To use the $ symbol on its own is uncommon, though. Most likely this is to avoid confusion with the US$.

In shops, markets, and restaurants, it is more common to see 元 on labels, signs, menus, etc., not $. Taiwanese are also most likely to use 元 in writing or typing.

Even though the acronym NTD is a common and obvious abbreviation for New Taiwan Dollar, and English speakers often say simply “NT”, TWD is the official currency code.

TWD is what you’ll usually see on currency exchange websites, but it’s not uncommon for NTD to appear.

New Taiwan Dollar Denominations

A small Taiwanese flag and some Taiwan coins on a Taiwan bankbook page
Taiwanese coins on a local bankbook

One New Taiwan dollar is split into 10 jiǎo (角, also spelled chiǎo) and 100 fēn (分). Fen would be the equivalent to American cents, while one jiǎo would be 10 cents.

Jiǎo and fēn are not used today, though. Although there is a ¢50 coin still technically in circulation in Taiwan, in 10+ years of living there, I’ve never seen it. My wife says she used to see it when she was a kid in Taiwan.  

The coins you will see and use on a daily basis in Taiwan are NT$1, 5, 10, and 50. If you’re like me, you will tend to accumulate way more change (or “shrapnel”) than you ever want to carry around in Taiwan.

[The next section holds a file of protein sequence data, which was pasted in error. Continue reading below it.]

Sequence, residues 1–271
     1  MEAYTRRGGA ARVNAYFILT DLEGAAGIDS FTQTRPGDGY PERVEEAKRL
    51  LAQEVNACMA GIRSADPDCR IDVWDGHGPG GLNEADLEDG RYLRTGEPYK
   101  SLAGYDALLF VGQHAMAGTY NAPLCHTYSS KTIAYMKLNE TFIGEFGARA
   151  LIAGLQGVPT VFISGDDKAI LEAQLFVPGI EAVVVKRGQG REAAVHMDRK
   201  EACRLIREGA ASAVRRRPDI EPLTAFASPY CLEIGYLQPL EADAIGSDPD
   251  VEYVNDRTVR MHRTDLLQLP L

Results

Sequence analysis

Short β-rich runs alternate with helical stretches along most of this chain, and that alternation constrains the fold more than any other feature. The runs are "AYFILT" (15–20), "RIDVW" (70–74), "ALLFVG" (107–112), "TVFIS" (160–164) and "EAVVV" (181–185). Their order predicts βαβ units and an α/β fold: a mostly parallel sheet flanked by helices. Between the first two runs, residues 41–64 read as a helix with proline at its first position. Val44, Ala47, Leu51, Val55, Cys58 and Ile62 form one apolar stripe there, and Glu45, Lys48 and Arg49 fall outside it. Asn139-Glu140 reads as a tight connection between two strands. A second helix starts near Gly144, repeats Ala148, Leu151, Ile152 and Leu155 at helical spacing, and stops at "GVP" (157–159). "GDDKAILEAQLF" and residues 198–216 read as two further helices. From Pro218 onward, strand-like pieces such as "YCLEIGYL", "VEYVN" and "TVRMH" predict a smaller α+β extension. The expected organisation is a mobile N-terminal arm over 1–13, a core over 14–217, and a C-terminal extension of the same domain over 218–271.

Some 100, 500, and 1000 New Taiwan dollar banknotes scattered on a table
The three most common banknotes in Taiwan

The three common banknotes you’ll handle in Taiwan are NT$100, 500, and 1000.

Much rarer are the NT$20 coin, NT$200 banknote, and 2000 banknote.

I’ve never seen a $20 coing. However, once in a blue moon, I have actually received a NT$200 banknote as change from a shop, and I usually keep it as a souvenir. I know many of my friends in Taiwan have done the same.

You may actually receive some NT$2000 bills when withdrawing cash from an ATM/bank in Taiwan or exchanging currency, but these are too valuable (roughly USD60) for most people to hold on to merely as a keepsake.

What Do the Coins and Bills Have on Them?

Close up of several Taiwanese coins on a table
The main coins used in Taiwan today

Here are two tables indicating what you will see on the front and back of Taiwan’s coins and banknotes. Although there are some older and special release designs, the following are the most common today.

1元CopperSide profile of Chiang Kai-shek圓壹1
5元Cupronickel (silver color)Side profile of Chiang Kai-shek圓伍5